Still, we won’t let the specificity and uniqueness of law firms keep us from getting into specifics. Let’s get down to business: what are the strengths and weaknesses of legal subscription services?
The Strengths Of Legal Subscription Services
First and foremost, subscription services give you access to a continuous stream of income. As long as you build your packages correctly, you’ll always have income that doesn’t require you to work yourself to the bone like the billable hour model might. Firms with a lot of repeat clients who would be happy to pay a monthly fee to gain access to an attorney’s services will definitely benefit from this arrangement. You won’t ever have to chase down unpaid bills again!
Subscription law firms also tend to be more tech-forward, and involve client-centered tech like portals and online scheduling. That means subscription firms are more adaptable to future changes in legal tech. For example, because you’re not billing time, you won’t have to worry about things like AI tools making your job faster. Your schedule may be more flexible too, as many subscription-based firms are virtual-first and meet with their clients over Zoom rather than in offices and conference rooms.
In addition, you’ll be able to help clients who may not be able to afford traditional, billed-hourly legal services. Clients who only need some legal advice and maybe a few documents every few months, for example, might be better served paying you a small monthly fee rather than paying through the nose for a few hours of an attorney’s time.
A study from the American Bar Association found that 80 percent of Americans can’t receive legal help because of the cost.
Subscription billing allows people like freelancers, who may need a lot of legal help but may not be able to afford it, access to a lawyer without breaking their bank or expecting their attorney to work for free.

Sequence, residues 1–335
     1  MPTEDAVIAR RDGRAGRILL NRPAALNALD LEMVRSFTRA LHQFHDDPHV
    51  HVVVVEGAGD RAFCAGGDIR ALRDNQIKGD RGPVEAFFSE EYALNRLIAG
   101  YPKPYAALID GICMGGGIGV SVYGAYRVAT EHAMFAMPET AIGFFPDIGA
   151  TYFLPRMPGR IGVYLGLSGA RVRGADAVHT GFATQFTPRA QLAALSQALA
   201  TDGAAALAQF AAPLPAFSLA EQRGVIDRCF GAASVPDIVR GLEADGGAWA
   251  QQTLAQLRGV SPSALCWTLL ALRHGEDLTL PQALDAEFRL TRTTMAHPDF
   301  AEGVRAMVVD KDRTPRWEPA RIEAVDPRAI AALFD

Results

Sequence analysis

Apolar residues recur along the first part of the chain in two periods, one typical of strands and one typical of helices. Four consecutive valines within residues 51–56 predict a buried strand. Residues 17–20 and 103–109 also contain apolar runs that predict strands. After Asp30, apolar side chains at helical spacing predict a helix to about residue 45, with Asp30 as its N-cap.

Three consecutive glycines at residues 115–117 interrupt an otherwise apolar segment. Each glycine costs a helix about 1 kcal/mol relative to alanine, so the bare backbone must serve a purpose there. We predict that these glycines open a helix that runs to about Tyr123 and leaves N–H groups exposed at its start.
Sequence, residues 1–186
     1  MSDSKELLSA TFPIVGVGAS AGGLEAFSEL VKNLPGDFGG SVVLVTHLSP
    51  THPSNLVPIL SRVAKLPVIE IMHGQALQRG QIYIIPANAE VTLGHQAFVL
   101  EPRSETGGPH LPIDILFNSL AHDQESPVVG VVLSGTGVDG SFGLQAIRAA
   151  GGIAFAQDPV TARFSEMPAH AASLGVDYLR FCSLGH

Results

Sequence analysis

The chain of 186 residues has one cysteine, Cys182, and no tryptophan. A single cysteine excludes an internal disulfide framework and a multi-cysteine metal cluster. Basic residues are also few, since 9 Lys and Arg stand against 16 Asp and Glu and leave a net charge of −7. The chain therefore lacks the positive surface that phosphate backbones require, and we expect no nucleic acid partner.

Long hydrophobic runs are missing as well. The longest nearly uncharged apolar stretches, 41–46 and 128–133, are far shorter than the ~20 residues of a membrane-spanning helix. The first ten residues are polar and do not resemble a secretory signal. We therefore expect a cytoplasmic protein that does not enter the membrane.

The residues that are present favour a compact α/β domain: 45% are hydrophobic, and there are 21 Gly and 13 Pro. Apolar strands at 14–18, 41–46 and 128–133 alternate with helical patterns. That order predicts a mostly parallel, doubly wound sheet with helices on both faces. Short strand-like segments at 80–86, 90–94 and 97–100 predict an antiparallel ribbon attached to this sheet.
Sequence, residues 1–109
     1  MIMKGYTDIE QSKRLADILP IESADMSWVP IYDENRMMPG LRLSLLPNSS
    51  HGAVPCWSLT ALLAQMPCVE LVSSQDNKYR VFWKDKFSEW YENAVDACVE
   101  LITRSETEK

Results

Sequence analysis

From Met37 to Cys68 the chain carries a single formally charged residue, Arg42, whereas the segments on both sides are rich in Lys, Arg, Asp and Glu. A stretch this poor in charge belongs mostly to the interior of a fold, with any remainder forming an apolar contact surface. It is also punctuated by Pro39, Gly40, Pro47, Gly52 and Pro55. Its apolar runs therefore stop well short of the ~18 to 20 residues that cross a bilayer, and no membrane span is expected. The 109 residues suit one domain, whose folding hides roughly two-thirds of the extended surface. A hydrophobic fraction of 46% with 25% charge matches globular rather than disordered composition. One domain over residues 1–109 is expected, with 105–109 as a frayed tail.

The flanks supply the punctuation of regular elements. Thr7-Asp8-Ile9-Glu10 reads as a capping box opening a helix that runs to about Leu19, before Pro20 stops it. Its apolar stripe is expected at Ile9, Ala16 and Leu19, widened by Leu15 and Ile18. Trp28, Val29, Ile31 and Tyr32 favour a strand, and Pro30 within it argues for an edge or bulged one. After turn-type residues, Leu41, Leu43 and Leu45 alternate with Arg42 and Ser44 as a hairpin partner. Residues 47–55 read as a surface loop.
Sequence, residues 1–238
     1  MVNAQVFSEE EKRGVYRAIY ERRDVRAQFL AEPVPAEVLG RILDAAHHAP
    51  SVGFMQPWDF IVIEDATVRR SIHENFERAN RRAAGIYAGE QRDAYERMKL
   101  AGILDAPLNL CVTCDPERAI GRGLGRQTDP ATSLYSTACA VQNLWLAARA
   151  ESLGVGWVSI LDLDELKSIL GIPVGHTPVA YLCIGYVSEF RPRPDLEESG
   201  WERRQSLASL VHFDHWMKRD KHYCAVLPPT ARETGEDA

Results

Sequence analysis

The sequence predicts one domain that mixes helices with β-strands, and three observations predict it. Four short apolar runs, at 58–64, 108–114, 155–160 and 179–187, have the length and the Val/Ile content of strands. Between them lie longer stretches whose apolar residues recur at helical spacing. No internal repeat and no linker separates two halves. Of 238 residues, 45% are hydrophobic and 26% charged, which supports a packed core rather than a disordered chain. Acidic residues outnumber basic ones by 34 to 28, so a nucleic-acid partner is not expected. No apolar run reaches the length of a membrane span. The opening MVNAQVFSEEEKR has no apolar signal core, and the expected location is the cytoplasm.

And finally, perhaps most importantly, clients will be much happier knowing exactly what everything will cost up-front. They’ll have a clear understanding of the relationship between themselves and their attorney, and know exactly what they’re paying for and what they’re getting for it. That kind of transparency helps make interactions with clients less transactional and more effective at getting transmitting information between both parties.
Possible Pitfalls Of Legal Subscription Services
Of course, you have to weigh both sides of every issue. If legal subscription services made sense for every law firm, every firm would be doing it!
To start with, there’s a considerable amount of start-up cost associated with making the switch to subscription services. This is true of most alternative fee arrangements, of course, but the tech-forward nature of subscription billing makes it even moreso.
Also part of setup costs, building your firm’s rates and packages will require considerable research and maybe even outside help. It’s a Goldilocks situation: charge too little, and you won’t make enough money or demands on your time will be too great; charge too much, and nobody will pay for your services. Finding the balance of price and service that’s just right will be a lot of work.
You may have to do some selling on the business model to your clients. Clients who are used to a certain way of interacting with their attorney may be reluctant to make a change.
According to Clio’s 2022 Legal Trends report, 97 percent of firms bill by the hour, meaning you may have to convince them that a subscription model is better for both parties.
Luckily, if you have a lot of long-term clients, this may be easier to do. The subscription business model fits those firms and clients better than others.